Developing a good practice regimen is one of the hardest things any musician can do. Training yourself to practice diligently and efficiently is possible at any age and skill level, however. When was the last time you ‘shook up’ your practice routine? Gone are the days where piano teachers stood over their charges and drilled into them the necessity of putting in that ‘hour a day’. Here are a few tips to help refine your practicing method whether you’re a pianist, producer, or percussion player!
1 - Practice, Don’t Perform!
So many of my students have practicing confused with performing. When you practice a song, does it sound like it does when you play it in front of people? If so, then you’re not truly practicing! When you’re practicing a piece, go in with a specific target in mind. Are you going to work on measures 24-36? If so, you don’t need to play the first 20 measures, skip right to the ‘problem area’ and start attacking it!
Of course, working on continuity, stage presence, and other aspects of the ‘whole piece’ are important; but don’t confuse simply playing the song all the way through over and over with true practicing. If there are 2 tricky phrases in the tune you’re working on, they’re not going to get better by themselves, and you don’t need to play the whole song to get to those 2 measures. That’s not an efficient use of your time. Identify the problem spots, and work them over and over, hundreds of times. It isn’t pretty, and it often isn’t fun, but you’ll fix those spots a heck of a lot faster.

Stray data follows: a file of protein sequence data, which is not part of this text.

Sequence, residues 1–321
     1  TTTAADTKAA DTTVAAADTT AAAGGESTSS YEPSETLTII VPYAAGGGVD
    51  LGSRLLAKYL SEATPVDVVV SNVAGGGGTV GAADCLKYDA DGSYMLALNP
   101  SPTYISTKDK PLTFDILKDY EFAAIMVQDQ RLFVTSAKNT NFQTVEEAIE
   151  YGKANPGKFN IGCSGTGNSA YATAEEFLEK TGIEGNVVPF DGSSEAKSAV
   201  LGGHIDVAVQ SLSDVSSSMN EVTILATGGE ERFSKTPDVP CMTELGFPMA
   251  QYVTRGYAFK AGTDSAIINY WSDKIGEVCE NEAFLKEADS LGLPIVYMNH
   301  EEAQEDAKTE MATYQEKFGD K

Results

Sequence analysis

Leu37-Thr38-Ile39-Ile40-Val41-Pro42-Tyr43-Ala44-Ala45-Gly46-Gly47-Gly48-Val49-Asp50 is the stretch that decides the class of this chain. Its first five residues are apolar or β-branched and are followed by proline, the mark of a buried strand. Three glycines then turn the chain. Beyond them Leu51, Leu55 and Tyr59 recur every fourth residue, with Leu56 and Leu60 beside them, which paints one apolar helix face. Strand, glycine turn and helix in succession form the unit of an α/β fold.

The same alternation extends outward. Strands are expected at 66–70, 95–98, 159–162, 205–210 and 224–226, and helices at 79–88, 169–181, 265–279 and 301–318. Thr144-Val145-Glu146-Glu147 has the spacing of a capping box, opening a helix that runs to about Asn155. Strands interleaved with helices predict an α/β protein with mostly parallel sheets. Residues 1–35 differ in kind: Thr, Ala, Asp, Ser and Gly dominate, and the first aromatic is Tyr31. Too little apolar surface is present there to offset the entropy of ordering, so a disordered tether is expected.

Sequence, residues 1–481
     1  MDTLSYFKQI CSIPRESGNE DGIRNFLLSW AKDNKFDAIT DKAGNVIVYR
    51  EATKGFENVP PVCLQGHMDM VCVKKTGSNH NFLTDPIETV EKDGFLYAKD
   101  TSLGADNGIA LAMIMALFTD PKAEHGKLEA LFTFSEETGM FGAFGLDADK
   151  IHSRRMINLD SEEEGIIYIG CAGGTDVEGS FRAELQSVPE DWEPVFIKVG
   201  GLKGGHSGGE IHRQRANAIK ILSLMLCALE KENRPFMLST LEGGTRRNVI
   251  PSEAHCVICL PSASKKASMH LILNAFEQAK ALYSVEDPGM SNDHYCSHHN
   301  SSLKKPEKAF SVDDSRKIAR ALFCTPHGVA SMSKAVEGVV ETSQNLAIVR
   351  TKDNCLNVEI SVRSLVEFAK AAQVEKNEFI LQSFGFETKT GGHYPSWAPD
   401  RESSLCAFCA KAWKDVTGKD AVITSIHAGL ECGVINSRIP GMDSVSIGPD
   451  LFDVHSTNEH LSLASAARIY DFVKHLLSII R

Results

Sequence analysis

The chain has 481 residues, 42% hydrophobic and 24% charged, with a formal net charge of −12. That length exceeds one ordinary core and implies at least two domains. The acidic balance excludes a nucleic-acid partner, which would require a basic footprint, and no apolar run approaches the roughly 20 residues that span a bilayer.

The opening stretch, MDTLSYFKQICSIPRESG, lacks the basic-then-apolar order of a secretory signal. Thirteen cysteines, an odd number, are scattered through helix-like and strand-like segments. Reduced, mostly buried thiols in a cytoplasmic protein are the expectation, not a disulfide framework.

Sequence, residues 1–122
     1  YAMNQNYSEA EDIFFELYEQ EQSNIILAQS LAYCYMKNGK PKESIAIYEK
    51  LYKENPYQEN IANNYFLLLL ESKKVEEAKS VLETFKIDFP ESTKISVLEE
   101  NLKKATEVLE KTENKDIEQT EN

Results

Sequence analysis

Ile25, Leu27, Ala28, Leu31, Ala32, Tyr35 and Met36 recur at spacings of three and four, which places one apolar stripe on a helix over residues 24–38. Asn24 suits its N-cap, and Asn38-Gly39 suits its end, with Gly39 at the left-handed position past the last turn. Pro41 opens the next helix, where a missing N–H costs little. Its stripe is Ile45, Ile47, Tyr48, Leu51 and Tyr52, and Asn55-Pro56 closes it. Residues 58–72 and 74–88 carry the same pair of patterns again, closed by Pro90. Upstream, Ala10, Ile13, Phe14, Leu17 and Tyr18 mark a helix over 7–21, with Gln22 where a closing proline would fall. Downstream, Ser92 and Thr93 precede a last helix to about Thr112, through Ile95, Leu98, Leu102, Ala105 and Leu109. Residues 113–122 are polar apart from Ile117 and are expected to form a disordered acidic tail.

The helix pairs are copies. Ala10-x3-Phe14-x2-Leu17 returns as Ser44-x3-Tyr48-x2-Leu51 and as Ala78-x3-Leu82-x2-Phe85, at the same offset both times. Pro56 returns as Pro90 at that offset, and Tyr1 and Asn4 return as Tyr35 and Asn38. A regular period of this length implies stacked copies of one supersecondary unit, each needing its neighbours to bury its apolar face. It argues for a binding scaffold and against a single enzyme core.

2 - Ditch the Clock, Embrace the ‘List’
A lot of students (and their parents) often ask me ‘How long each day should I practice for?’ I always answer the same way - “Until you accomplish what you set out to do that day.”
Setting a ‘timer’ on things and saying to yourself, ‘I’m going to practice for 60 minutes today’ is often a terrible way to approach practicing. You don’t have a goal in mind, and you often are just looking for things to do to fill up those 60 minutes. Practicing quickly devolves into ‘noodling’ and filling up the time.
I suggest an alternate approach. Set a list of simple goals for yourself. Maybe you want to get your major scales consistent and move from a tempo of 90 to 100? Do you have a 16 bar chord change on a jazz tune you have to memorize? Make a list of goals before you sit down and practice until you’ve achieved them. Then, if you still feel like playing, play something you love! We play instruments because we love music, why not allow recreational playing to become an ‘official’ part of your practice routine? Maybe, just maybe, you’ll start to… (gulp)… look forward to practicing.
Imagine that a practice session now entails you getting the satisfaction that you actually accomplished something in your playing. Then you get to reward yourself with some playing for fun! Now imagine that you get that feeling every single day! You get the picture. By being more efficient with your actual practice time, you’ll free up more time to play for the joy of playing. You’ll enjoy your practice time and (hopefully) won’t have to ‘force yourself’ to do it.
Now, get cracking!